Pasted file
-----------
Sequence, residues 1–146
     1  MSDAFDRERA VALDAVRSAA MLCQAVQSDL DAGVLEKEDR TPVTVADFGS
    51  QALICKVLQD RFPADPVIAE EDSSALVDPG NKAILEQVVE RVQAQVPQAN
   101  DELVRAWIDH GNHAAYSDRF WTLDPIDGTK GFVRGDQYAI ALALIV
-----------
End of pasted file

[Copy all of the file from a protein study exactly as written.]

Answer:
Sequence, residues 1–146
     1  MSDAFDRERA VALDAVRSAA MLCQAVQSDL DAGVLEKEDR TPVTVADFGS
    51  QALICKVLQD RFPADPVIAE EDSSALVDPG NKAILEQVVE RVQAQVPQAN
   101  DELVRAWIDH GNHAAYSDRF WTLDPIDGTK GFVRGDQYAI ALALIV